School social workers’ experiences with youth suicidal behavior: an exploratory study.
Singer, J.~~Slovak, K.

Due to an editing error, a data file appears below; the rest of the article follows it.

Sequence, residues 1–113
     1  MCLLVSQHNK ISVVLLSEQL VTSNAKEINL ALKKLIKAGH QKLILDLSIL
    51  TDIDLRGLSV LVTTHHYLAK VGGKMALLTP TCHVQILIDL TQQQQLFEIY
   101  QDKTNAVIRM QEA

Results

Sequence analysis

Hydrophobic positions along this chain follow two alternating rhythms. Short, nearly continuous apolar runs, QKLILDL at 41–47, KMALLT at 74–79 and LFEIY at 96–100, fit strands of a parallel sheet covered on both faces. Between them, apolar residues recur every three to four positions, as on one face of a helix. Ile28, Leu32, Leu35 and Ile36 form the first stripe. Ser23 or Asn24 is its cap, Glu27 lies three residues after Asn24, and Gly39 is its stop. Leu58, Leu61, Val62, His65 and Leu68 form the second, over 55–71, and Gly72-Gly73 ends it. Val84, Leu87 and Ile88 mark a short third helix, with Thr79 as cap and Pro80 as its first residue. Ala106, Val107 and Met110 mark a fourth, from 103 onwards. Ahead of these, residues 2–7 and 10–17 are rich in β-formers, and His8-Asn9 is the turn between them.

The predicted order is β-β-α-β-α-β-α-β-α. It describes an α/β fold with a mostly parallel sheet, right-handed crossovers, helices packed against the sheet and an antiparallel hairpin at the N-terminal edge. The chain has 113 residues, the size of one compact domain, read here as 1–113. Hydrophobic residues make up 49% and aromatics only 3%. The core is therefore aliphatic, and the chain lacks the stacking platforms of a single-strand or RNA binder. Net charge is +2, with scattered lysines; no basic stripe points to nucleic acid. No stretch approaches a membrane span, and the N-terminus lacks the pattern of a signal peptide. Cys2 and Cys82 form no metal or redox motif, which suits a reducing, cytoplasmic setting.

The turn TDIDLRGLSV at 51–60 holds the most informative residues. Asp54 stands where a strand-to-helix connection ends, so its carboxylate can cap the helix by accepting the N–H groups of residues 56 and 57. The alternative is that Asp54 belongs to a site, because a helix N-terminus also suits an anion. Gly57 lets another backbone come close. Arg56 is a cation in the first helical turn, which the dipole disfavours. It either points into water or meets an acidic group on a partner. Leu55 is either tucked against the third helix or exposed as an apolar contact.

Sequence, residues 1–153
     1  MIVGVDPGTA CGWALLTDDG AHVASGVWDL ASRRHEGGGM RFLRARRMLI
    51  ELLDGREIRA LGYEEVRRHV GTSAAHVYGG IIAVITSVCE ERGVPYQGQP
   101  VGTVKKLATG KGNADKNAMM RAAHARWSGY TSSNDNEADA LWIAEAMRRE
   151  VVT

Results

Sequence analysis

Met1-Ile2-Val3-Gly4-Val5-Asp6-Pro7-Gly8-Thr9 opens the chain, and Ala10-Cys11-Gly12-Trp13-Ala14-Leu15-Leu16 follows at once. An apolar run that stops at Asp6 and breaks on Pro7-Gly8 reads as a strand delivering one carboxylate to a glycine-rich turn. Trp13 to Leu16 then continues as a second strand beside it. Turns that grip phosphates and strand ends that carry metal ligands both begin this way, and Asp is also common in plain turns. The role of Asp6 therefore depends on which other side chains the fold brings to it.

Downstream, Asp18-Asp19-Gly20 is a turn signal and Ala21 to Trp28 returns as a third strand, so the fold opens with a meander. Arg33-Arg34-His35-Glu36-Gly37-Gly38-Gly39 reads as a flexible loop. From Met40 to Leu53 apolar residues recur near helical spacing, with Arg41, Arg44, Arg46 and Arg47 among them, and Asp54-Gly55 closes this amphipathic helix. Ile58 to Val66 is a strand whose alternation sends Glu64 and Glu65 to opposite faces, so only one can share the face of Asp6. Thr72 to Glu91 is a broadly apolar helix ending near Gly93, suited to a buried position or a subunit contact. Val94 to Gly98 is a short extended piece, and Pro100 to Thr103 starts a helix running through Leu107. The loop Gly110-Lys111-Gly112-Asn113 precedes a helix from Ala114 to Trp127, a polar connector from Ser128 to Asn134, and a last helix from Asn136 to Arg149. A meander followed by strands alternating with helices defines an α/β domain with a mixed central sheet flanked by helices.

No published studies have explored school social workers (SSWs) experiences with, or beliefs and attitudes about, working with suicidal youths at the elementary, middle, and high school levels. The authors surveyed SSWs (N = 399) who were members of the 1 l-state Midwest Council on School Social Workers. Results indicated significant SSW involvement with suicidal youths: 88 percent of SSWs worked with suicidal youths in the past two years, and rates for SSWs at the high school level approached 100 percent. Most SSWs felt very confident and prepared to work with suicidal youths, were responsible for suicide assessments, expressed confidence identifying suicide risk factors and making appropriate referrals, and were highly knowledgeable on school suicide policy. Multivariate analysis of variance indicated no reported differences on perceived suicide knowledge and preparation among SSWs working in elementary, middle, and high schools. Consistent with recent research, SSWs reported low levels of receiving graduate-level training in working with suicidal youths. Implications include the need to address a perceived lack of suicide training in SSW graduate education and to further research on the experiences and preparation of SSWs at each school level. This exploratory study provides a baseline of information on SSWs and suicide.